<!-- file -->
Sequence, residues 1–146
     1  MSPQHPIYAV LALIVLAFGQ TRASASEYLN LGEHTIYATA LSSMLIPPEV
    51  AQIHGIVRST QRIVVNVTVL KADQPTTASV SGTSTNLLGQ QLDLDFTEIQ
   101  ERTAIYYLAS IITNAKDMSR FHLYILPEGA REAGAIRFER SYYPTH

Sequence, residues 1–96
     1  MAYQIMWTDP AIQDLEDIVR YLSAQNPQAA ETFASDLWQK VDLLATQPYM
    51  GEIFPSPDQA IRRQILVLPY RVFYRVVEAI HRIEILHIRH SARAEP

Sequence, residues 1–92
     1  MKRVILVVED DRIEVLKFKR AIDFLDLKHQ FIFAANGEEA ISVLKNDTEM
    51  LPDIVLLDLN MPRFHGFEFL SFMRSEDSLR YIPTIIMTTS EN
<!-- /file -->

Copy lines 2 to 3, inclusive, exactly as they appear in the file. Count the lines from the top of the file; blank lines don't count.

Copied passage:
     1  MSPQHPIYAV LALIVLAFGQ TRASASEYLN LGEHTIYATA LSSMLIPPEV
    51  AQIHGIVRST QRIVVNVTVL KADQPTTASV SGTSTNLLGQ QLDLDFTEIQ